A new report from the National Research Council takes a comprehensive look over the explosion of the US prison population. Its conclusion: the costs of mass incarceration significantly outweigh the benefits, and the federal government and states need to take a hard look at how many people they're sending to prison and for how long.
One of the key questions the report takes on is why the US prison population has grown so much over the past 40 years. The report debunks two big misconceptions about what caused the increase, and offers two big reasons — prosecution has become more efficient, and prison sentences have lengthened. Here's a guide:
It WASN'T because more people committed crimes
The report concluded the rise of incarceration couldn't be traced to crime rates going up. Crime rates have fluctuated over the past forty years, and don't appear to have much of an impact on the prison population — no matter which way crime rates went, incarceration rates kept growing. (The report also found, as other researchers have, that there's no evidence that harsher prison sentences deter crime.)
It WASN'T because better policing led to more criminals getting arrested
Policing has changed significantly since the beginning of the mass-incarceration era, and most of these changes have been designed to make policing more effective. That implies that police would be better at apprehending criminals today than they were thirty years ago.
But the new report shows that since 1980, the ratio of arrests per crime — in other words, the proportion of crimes that police were able to find and arrest suspects for — stayed pretty flat:
Based on the arrest-to-crime ratio, the authors write, "no increase in policing effectiveness occurred from 1980 to 2010 that might explain higher rates of incarceration."
It WAS because people who got arrested were more likely to go to jail
While the arrest-to-crime ratio is a rough way to measure how effective police are, the prison-to-arrest ratio is a rough way to measure how efficient the prosecution and court process is.
The authors of this report find that prosecution has gotten a lot more efficient — and that, they conclude, is a substantial reason for the explosion of the incarcerated population.
Why are people who get arrested more likely to end up in prison now than they were thirty years ago? Part of it is that more crimes now require a prison sentence than required one in 1980, so more of the people who are found guilty of crimes end up having to go to prison for them (rather than getting probation or a fine).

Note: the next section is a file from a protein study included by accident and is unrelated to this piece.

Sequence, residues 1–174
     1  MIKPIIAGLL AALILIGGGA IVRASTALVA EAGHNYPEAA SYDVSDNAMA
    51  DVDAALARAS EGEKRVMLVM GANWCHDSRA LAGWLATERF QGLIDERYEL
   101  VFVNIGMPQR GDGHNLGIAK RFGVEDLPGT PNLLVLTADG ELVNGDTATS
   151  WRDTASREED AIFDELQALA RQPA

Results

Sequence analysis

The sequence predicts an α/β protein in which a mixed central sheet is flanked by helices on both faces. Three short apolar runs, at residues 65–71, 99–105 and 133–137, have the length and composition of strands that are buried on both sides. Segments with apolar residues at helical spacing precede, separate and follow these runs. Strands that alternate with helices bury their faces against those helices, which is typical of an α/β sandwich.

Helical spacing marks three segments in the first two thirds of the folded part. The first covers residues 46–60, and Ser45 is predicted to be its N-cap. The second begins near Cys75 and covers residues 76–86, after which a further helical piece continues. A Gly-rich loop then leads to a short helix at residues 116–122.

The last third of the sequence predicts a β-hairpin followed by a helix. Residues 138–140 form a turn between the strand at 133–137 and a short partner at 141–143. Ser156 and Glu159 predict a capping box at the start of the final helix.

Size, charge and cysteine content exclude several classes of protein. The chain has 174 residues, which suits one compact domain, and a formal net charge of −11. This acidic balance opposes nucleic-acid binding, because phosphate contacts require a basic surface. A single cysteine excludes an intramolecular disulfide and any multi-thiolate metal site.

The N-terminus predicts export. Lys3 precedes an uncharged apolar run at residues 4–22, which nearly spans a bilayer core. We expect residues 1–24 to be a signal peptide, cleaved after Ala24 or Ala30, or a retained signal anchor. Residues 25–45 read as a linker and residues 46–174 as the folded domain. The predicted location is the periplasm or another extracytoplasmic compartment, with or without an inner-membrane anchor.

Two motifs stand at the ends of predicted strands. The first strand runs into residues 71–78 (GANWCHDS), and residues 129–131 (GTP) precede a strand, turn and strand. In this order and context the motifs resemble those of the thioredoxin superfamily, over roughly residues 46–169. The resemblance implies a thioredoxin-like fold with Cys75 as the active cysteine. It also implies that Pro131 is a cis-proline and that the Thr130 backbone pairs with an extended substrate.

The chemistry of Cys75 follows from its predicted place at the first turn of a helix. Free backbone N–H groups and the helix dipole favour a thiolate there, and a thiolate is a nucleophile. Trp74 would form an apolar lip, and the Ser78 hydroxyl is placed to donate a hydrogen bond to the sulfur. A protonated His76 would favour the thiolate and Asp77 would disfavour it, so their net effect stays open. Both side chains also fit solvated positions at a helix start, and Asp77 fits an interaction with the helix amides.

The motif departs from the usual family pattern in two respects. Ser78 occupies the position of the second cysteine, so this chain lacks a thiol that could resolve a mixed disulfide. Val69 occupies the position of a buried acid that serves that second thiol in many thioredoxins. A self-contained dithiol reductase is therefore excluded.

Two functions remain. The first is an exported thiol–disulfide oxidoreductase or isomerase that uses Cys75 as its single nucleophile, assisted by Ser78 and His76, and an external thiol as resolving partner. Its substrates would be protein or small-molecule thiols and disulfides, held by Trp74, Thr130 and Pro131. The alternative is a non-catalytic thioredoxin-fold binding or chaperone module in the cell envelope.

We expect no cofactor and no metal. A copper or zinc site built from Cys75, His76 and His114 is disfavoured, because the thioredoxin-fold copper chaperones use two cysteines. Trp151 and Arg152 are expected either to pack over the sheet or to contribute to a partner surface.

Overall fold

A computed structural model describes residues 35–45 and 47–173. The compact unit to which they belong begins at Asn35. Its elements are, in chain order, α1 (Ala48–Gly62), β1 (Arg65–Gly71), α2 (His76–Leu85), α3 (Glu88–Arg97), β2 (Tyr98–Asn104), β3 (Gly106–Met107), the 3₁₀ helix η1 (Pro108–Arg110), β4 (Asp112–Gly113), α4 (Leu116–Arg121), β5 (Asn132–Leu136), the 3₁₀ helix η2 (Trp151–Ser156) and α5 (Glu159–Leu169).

Part of it is also that most people who get convicted of crimes these days never even go to trial — they just plead guilty in exchange for a shorter prison sentence. This makes it much easier for prosecutors to move cases through the courts. Of course, efficiency isn't necessarily the same as effectiveness — in theory, the point of prosecution should be to figure out whether the person committed a crime or not, not to convict and sentence as many people as possible.
But whatever the merits of the way prosecution works, the authors conclude it's definitely a big reason for the rise of mass incarceration. In fact, during the 1980s it was the biggest reason, before being overtaken by the last and most important factor.
It WAS because people who went to prison served more time
The biggest reason the prison population exploded, especially after 1990: more people were in prison for longer periods of time.
This is also largely due to changes in sentencing policy. States and the federal government added lots of new mandatory minimum sentences in the 1980s and 1990s, which forced people convicted of a given crime to serve a certain number of years in jail.
One particularly harsh kind of mandatory minimum sentence was imposed as "three-strikes" laws, which forced a criminal convicted of his third felony to serve a long prison sentence (between 25 years and a life sentence). States and the federal government also passed "truth-in-sentencing" laws, particularly in the late 1980s and early 1990s, which forced inmates to serve a large amount of their prison sentences (typically 85 percent) before being eligible for parole.
Ultimately, the report's authors say, the common denominator in both of the big causes of mass incarceration — more prisoners per arrest, and longer sentences per prisoner — is the harsher sentencing policies of the 1980s and 1990s. The report tells federal and state governments to take a hard look at the entire criminal justice system — but improving sentencing seems like the right place to start.